ALBANY — Local business operations for the six teams of the Arena Football League, including those of 2019 champion Albany Empire, have ceased because of the league’s financial difficulties.
The Albany Times Union was the first to report Tuesday’s development for the league founded in 1987. The league released a statement late Tuesday evening credited to AFL commissioner Randall Boe.
“Earlier today, the Arena Football League was forced to make the difficult, but necessary decision to close our team services and business operations units in our local markets,” the statement, in part, reads. “These closures have resulted in the elimination of various staff positions, and is a direct consequence of the current financial constraints facing the AFL, which include extensive legacy liabilities and a recent multi-million-dollar litigation filed against the league by an insurance carrier that provided coverage for the AFL between 2009 and 2012. Those liabilities, which are all related to prior league operations, severely constrain the league’s ability to expand and operate.”
Empire staff, coaches and players were told of the surprising news Tuesday, according to the Times Union’s report. Attempts by The Daily Gazette to reach AFL officials; Times Union Center general manager Bob Belber, who oversees the Empire’s home field and offices; and George Hearst III — a member of the Empire’s ownership team, as well as the Albany Times Union’s publisher — were unsuccessful.
Former Philadelphia Eagles star quarterback Ron Jaworski, the majority owner of the Philadelphia Soul and chairman of the league’s executive committee, commented on the AFL’s status in a text message sent to The Press of Atlantic City.
“The AFL is not folding,” Jaworski wrote. “We are ceasing local operations and all teams will be operated through the AFL office as we look to find new investors.”
In his statement issued through the AFL, Boe said a decision on the league’s status will be made within the next few weeks: “Looking forward, the AFL will continue to push ahead with efforts to identify solutions to address the aforementioned financial constraints. We have not yet made the final determination that it will be necessary to suspend all league operations, but we expect that decision to be made within the next few weeks. Should we not be able to move forward, we will issue information about all applicable refunds at that time. We are exploring every possible avenue to continue bringing AFL football to our fans, including further evolutions to the current business model, and are engaging with prospective investors and supporters who are interested in seeing the league continue to grow.”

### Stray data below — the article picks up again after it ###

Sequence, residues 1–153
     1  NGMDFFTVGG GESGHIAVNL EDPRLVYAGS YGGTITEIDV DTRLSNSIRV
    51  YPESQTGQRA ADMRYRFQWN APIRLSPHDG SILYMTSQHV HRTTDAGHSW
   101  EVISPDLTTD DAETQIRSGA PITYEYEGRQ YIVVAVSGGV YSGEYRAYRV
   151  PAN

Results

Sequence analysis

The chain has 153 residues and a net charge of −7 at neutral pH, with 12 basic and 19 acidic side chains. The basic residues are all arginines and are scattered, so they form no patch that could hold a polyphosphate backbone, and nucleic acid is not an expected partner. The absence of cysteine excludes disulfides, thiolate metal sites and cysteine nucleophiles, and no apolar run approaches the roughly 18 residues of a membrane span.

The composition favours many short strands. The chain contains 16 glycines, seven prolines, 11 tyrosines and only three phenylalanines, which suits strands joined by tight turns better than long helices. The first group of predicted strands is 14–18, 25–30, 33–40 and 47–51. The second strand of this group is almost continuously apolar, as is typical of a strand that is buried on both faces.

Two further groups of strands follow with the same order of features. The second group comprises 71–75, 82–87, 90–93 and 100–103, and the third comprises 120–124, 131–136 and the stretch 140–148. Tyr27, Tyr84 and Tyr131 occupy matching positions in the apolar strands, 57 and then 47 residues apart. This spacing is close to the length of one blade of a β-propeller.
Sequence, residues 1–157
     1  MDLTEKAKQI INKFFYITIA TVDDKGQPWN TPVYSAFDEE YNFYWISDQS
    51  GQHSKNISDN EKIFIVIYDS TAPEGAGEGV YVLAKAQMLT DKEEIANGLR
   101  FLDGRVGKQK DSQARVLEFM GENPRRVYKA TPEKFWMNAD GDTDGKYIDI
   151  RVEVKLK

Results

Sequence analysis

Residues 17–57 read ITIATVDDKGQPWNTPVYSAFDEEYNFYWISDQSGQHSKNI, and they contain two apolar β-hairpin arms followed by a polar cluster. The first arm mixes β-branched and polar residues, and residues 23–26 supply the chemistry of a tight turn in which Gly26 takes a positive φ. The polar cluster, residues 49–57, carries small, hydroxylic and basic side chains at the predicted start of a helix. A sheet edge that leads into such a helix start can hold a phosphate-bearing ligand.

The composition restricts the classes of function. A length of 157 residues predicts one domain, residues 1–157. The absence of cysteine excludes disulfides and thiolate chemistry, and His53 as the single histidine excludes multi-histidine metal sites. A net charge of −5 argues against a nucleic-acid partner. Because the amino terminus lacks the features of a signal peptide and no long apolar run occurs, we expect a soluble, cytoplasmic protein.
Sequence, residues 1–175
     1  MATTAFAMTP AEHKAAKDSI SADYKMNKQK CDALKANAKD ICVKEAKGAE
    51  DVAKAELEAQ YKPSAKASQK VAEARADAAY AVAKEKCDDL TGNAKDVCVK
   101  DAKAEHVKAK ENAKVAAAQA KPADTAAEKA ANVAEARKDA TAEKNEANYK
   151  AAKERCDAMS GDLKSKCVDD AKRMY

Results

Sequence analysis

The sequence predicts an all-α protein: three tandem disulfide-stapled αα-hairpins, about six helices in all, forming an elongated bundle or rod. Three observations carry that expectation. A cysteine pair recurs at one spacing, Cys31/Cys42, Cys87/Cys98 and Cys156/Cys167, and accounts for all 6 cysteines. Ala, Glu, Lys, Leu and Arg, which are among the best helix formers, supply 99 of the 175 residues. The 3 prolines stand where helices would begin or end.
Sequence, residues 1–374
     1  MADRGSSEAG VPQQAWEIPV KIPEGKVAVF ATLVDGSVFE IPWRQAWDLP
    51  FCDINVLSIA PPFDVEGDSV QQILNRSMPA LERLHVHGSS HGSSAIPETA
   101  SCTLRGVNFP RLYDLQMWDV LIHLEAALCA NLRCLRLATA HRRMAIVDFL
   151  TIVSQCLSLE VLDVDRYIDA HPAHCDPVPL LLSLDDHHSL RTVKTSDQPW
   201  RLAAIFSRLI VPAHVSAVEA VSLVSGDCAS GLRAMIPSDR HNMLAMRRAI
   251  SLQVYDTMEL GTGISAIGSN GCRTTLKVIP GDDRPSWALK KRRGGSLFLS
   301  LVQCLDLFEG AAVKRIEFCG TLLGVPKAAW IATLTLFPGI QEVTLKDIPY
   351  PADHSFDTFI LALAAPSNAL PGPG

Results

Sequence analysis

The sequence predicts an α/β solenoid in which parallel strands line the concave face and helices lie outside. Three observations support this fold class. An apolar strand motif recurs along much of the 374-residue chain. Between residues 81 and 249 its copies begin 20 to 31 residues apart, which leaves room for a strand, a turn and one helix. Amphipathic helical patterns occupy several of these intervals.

The Empire was one of six teams competing in the 2019 season in the AFL, up from four the previous season, the inaugural campaign for the Empire. In 2018, the Empire was joined by the Soul, Baltimore Brigade and Washington Valor. Franchises in Columbus and Atlantic City were added this past season.
The league, dominated by former college standouts and NFL hopefuls who play indoors on a 50-yard field during the late spring and summer, previously saw its 2009 season canceled because of financial difficulties before regrouping.
Capital Region fans have been longtime supporters of arena football, as Albany hosted franchises in both the AFL and AF2 with the Firebirds (1990-2000) and the Conquest (2002-2008) prior to the Empire’s formation. The Firebirds were 1999 AFL champions.
In its two seasons, the Empire’s average home attendance at Times Union Center was 9,714 and 10,053, respectively.
The Empire enjoyed immediate success in the AFL, posting an 8-4 record in 2018 and a 10-2 mark this year. The Empire defeated the Soul in the 32nd AFL ArenaBowl 45-27 on Aug. 11.
Veteran AFL coach Rob Keefe guided the Empire to the title this year by putting together a dominant team on both sides of the ball. The Empire featured the league’s best quarterback (Tommy Grady), two of the league’s top wideouts (Malachi Jones and Quentin Sims) and several of the AFL’s star defensive players, including all-time sacks leader Joe Sykes, Terence Moore and Homer Tevin.